Biological treatment procedures: This methiodal includes the use of micro-organisms to decay the decomposable elements of waste. This process can be of two types Aerobic and Anaerobic. The former procedure requires oxygen and consists of windrow composting, fizzy inert pile composting & in-vessel composting, etc. The latter procedure occurs in the absence of oxygen. There are several notable companies such as CbS technologies in Delhi, which employs both procedures to get rid of the waste. (Talyan, et al, 2008)

Landfills and open dumping: It is the precise dumping of waste on land in such a way that interaction between waste and the atmosphere is expressively lessened and the waste is stored in a distinct area. Landfills are exposed areas where waste is discarded revealing it to natural elements, vagrant animals and birds. With the nonattendance of any sort of monitoring and no leachate accumulation system, this leads to the pollution of both property and water resources. India’s biggest dumping ground is located in Dhapa Kolkata. It is divided into 4 areas and this place accommodates about 3000 tons of waste on a daily basis. It has been operational since 1980 and it has been since causing air and noise pollutions in the nearby areas. (Agrawal, Sahu, & Pandey, 2004).

We cannot ignore the importance of the sanitary landfills which can be used as ultimate means of dumping for unutilized urban waste from waste treatment plants and other sorts of mineral waste that cannot be recycled or re-used. The major restraint of this technique is the expensive transference of Municipal Solid Waste to secluded landfill sites. According to a study, it was revealed that the prospect of processing at least 20 % or 20,000 metric tons of waste produced every day in the country. As per the study’s conclusions, this could also provide employment prospects to about tens of thousands of garbage collectors. (Magar & Nalband, 2016). However, considering the recent developments, it is safe to assume that, in spite of huge potential in large cities in this field, the contribution from NPOs or community is almost negligible.

The vermicomposting method is about the maintenance of organic waste with the use of earthworms and aerobic micro-organisms. Originally, bacterial decay of biodegradable biological matter happens through an extra-cellular enzymatic activity which is known as primary disintegration. Earthworms are released to feed on partly decayed matter, ingesting 5 times their body weight of carbon-based material on a daily basis. The consumed food is further disintegrated in the gut of the worms, which results in particle size drop. The worm secretions are a fine, odorless and grainy product. This product can be used as a biofertilizer in agriculture. Vermicomposting has been employed in Hyderabad, Bangalore, Mumbai, and Faridabad. (Ahluwalia & Patel,2018). Researches on introducing domestic vermicomposting implements have also been led. Though, the area needed is larger, when associated with dry composting.

Laws & Regulations

There are several laws and regulations introduced in India to tackle the solid waste management problem in India. Some of them date back to eighties. The seventy-fourth modification, ordained in 1992, of the Indian Constitution plainly defines managing of solid waste as one of the key functions of civic authorities. (Mani & Singh, 2016). At the national level, regulations leading the public authorities contain the managing of solid waste as a mandatory function of the civic representatives. Regardless of lawful and authorized dictate, no thoughtful efforts have been made by civic authorities towards methodical processing and dumping of Municipal Solid Waste. It was merely after further laws allotted by the Supreme Court of India in a community interest hearing in 2000, that the administration and management of Municipal Solid Waste were settled by the Ministry of Environment. (Kumar & Samadder, 2017). These directions describe what establishes Municipal Solid Waste, and directive that all civic authorities in the state must handle Municipal Solid Waste in an appropriate and effective manner needs to be supervised at a state level. This comprises the collection, storing, separation, transference, and dumping of Municipal Solid Waste. Though this legislature is in place, it is quite obvious from more lately conducted studies that very little exertion towards obedience and execution was really made by most urban authorities across the state.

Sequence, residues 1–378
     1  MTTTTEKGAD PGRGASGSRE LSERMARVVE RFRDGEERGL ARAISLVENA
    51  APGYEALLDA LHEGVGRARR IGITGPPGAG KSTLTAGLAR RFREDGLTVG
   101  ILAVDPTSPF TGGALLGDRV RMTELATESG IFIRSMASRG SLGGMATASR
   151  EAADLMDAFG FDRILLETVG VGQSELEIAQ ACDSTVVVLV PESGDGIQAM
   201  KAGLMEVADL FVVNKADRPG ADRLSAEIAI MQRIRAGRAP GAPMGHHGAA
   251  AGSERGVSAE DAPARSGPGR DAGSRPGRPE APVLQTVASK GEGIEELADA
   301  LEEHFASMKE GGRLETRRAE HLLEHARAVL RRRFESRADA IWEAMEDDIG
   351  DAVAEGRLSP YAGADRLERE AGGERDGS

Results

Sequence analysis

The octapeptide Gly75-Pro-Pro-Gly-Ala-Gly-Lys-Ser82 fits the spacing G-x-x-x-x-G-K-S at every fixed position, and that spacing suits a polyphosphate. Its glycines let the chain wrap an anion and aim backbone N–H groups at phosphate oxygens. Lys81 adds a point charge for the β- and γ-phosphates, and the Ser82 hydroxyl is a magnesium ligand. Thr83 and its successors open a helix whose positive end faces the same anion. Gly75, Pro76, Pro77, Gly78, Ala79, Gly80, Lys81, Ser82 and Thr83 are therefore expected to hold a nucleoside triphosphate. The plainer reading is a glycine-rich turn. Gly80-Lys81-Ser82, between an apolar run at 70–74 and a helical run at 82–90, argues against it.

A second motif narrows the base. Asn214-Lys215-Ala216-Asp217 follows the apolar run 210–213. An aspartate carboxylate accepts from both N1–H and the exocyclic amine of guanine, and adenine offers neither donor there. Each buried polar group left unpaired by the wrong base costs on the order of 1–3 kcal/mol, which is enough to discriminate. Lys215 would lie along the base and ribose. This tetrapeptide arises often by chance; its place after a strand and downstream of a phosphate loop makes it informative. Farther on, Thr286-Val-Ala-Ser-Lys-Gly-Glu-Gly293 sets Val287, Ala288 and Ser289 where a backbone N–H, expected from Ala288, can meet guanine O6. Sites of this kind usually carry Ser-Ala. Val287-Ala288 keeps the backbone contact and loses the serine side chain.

At present, the Indian Government has in place definite protocols set forth by the Ministry of New and Renewable Energy. In the consecutive two years from 2013 to 2014, the Indian government devoted 6.1 million dollars to renewable energy, generally in grants. (Guerrero, Maas & Hogland, 2013). The scope of this administration sponsoring included mostly subsidy and endowments for five experimental projects consisted of several power generation projects, such as biogas, Waste to Energy, etc.

Literature Review

There are serval works of literature based on the prospect of waste-to-energy projects in India. Bhada and Themelis, for instance, studied the MSW process in Mumbai and the prospect for employment of Waste to Energy plants. Mumbai is the fiscal hub of India and has the maximum potential for electricity generation from the regulated burning of municipal wastes. The authors concluded that the only hope is for the resident government is to fund for Waste to Energy project in the city which can serve as a beacon of hope that ultimately can improve living conditions in Mumbai. In order to do that, the city needs to reduce its dependence on the importation of non-renewable fuels as soon as possible. (Bhada, & Themelis, 2008)

Feasible Solutions to waste management problem

The key to effective waste managing is to make sure the appropriate isolation of waste at source and to confirm that the waste goes through several channels of recycling and resource retrieval. Then condensed final scum is then dumped systematically in sanitary landfills. Setting up of waste to compost and bio-methanation facilities would decrease the load of landfill locations. The bio-degradable element of India’s solid waste is presently projected slightly greater than 50 %. (Kansal, 2012). Bio-methanation is a suitable method for treating biodegradable waste which also remains under-exploited. It is supposed that if we separate bio-degradable waste from the rest of the dump, it could cut the problems by half. Some portion of the waste contains hazardous materials and are non-biodegradable which are a great threat to both industrial and ecological areas. The toxic smoke from reprocessing procedures and leakage from e-waste in a landfill into domestic water supplies are some of the complications that are associated with this sort of solid waste management technique.